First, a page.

1. Excellent point! 🙂

  16. I’ve long advised men attending men’s retreats to stock up on the lip balm, because there ought to be a lot of smooching going on if it’s to follow the biblical model.

    1. And antiperspirant would be good if they’re getting close and personal. 😉

  17. Noting that if the purpose of the wifely submission verses was to prevent the church from being thought ill of in its surrounding culture, today’s church should be the first to champion mutual submission.

    One of the church’s biggest PR problems (it’s much more than a PR problem, but for the purposes of the “church reputation” idea…) is its treatment of and attitudes towards women.

    1. I completely agree!

      I saw a prominent atheist debate a Christian at my university several years ago, and the atheist brought up the church’s treatment of women. The Christian, who was an egalitarian, was unable to make a convincing comeback.

      1. Exactly. In today’s culture, treating women as secondary is indefensible.

        What has happened in Christianity in the meantime, however, is that male headship over girls and women has gone from its original idea of “uphold the respectability of the church” to “this is THE ISSUE on which we prove we’re Christians and the world isn’t!”

        Treating women as second-class has become the actual method by which Christians consider themselves different from and morally superior to the world.

        What a twist.

        1. I don’t even think that Paul used the Greek word for “head” to mean “leader”. I believe he used it as part of a head-body metaphor, signifying unity in marriage, in Ephesians 5:21-33. And that he used it to mean “origin” or “source” in 1 Corinthians 11:2-16.

          Sadly, the church got things wrong pretty quickly. Instead of seeing the mutuality between men and women, as taught by Paul, they interpreted his words through the perspective of patriarchy.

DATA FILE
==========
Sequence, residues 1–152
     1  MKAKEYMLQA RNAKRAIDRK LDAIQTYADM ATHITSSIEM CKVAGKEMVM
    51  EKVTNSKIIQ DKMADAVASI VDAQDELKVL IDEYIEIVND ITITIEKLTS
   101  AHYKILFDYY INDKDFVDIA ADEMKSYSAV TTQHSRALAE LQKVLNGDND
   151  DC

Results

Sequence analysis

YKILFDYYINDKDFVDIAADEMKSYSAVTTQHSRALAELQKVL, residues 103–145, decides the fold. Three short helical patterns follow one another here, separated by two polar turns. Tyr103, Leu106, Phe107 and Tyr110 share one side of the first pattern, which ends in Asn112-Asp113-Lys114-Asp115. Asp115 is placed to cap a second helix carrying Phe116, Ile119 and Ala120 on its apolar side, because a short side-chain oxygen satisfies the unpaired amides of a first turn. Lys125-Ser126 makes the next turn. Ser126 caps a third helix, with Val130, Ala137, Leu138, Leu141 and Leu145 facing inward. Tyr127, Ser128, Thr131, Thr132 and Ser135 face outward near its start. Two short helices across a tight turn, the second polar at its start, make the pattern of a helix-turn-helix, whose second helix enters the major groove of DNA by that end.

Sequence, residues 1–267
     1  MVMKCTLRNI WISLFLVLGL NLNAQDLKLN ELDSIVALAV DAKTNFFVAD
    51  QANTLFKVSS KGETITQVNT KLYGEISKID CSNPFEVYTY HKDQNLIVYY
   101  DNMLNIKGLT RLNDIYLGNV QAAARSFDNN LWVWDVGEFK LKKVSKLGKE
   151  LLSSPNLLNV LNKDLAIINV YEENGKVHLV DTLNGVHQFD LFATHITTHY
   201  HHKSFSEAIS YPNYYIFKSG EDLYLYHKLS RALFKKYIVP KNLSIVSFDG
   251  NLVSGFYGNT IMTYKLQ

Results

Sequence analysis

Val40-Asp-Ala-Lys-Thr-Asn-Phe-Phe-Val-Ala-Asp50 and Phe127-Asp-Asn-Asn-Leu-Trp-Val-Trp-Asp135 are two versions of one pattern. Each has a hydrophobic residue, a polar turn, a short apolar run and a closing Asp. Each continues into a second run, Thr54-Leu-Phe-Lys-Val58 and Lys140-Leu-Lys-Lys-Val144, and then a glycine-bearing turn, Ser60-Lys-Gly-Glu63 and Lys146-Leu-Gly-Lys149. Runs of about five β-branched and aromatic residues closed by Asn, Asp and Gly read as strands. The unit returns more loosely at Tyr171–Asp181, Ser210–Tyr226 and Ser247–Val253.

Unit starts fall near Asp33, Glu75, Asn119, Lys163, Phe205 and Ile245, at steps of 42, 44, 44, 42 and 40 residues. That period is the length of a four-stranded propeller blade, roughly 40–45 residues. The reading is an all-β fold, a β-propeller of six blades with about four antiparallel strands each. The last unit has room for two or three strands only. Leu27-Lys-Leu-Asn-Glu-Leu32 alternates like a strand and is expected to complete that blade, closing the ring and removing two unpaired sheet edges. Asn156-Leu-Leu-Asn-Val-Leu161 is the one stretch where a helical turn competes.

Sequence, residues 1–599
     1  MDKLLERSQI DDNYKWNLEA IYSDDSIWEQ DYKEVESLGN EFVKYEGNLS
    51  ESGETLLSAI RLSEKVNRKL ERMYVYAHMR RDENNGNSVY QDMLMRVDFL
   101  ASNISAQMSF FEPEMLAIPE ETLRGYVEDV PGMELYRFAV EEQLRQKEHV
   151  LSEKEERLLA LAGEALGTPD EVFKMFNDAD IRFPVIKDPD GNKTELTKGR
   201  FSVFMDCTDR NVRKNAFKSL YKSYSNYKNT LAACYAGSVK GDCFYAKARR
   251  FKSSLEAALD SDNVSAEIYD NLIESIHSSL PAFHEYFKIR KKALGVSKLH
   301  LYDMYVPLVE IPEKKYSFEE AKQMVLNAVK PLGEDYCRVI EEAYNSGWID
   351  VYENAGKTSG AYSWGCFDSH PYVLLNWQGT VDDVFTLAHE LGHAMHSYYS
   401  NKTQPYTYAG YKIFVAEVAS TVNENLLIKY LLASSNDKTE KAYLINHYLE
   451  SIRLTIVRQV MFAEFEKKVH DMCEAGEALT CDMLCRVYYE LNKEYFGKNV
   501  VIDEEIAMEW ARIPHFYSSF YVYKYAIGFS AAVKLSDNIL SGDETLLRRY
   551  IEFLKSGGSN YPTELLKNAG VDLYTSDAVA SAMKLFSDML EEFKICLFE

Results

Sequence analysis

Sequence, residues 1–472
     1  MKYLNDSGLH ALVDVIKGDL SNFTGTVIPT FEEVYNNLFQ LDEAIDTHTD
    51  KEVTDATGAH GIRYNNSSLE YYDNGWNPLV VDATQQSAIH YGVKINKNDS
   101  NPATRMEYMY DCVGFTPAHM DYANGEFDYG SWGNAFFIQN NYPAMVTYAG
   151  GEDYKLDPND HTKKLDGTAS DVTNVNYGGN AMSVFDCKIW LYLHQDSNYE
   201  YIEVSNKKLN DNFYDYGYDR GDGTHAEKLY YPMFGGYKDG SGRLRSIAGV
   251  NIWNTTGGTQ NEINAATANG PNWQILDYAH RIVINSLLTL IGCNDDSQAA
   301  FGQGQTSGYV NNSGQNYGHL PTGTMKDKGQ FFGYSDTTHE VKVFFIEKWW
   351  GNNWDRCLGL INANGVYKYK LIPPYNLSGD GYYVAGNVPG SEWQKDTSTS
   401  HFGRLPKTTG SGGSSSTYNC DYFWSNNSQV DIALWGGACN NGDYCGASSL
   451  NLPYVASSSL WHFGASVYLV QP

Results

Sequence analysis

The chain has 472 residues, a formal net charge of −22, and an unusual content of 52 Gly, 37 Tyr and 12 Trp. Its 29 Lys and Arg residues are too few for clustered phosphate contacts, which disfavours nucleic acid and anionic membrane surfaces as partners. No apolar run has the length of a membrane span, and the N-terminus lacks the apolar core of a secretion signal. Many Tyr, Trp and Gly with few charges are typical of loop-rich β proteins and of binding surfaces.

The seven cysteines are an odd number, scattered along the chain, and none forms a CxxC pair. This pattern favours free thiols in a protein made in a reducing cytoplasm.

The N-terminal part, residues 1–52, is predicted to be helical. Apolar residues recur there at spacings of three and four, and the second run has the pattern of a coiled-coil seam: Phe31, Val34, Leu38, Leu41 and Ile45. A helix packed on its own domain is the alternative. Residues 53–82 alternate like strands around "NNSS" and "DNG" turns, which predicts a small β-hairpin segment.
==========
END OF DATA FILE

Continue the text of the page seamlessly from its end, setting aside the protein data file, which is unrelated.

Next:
It’s bizarre that, as you say, some Christians now see that treating women as second class is counter cultural and even morally superior. Ughh!

          Anyway, if you’re interested, here’s an article about “head” in Paul’s letters: https://margmowczko.com/kephale-and-male-headship-in-pauls-letters/

          1. I read New Life pretty faithfully. Thanks for the link though–this is a topic of particular interest to me, and the controversy over “head” is one of the big debates in this subject area, as you obviously know.

            I just find it perplexing and dismaying that Christians have taken this one teaching and in modern Christianity have literally turned it into a sign of not-worldliness.

            It’s especially ironic when you consider that the original purpose of the teaching was to help early Christians *not offend* the world.

            So they could evangelize it.

          2. It’s always nice to “meet” a reader. 😀

          3. It’s great to meet you too. When you first responded I thought you looked familiar, and then when you linked I had a “d’oh” moment. Thanks for all your writing and research. You’ve been a blessing.

          4. hahaha

            You’re very welcome.

  18. Love the article. Plain churches (Amish, Mennonite, and German Baptist) do continue the kiss (on the lips too!) on the basis of obeying these “commands.” They also are ridiculously strong on wifely submission, in fact, I went to the baptism of a couple who were joining from another denomination, where the woman was warned to submit but the husband was never told to love. Of course, like the 2nd century church, they have turned a natural family greeting of love into a religious duty and obligation surrounded by rules and ceremonies. They are not allowed to give the kiss to non-members even if they are Christian brethren.

    Personally, I think hugging and even a kiss on the cheek should be strongly encouraged between believers — a handshake is not considered to be a warm family greeting in America. Does anyone even know if lip kissing was a normal greeting among first century Jews, Greeks, or Romans? I always assumed it was cheek kissing.

    1. Hi Angela,

      I’m personally uncomfortable with physical touch, let alone a kiss, from anyone except immediate family. So social distancing because of COVID has been a pleasant relief from the discomfort I feel from acquaintances and strangers hugging and kissing me.

      I’m not sure what the social kiss looked like in the first century. Different regions in the Roman Empire, and different congregations, may have had slightly different ways of kissing. Note that in Apostolic Traditions 18:3 it says, “The the faithful shall greet one another with a kiss, men with men, and women with women. Men must not greet women with a kiss.”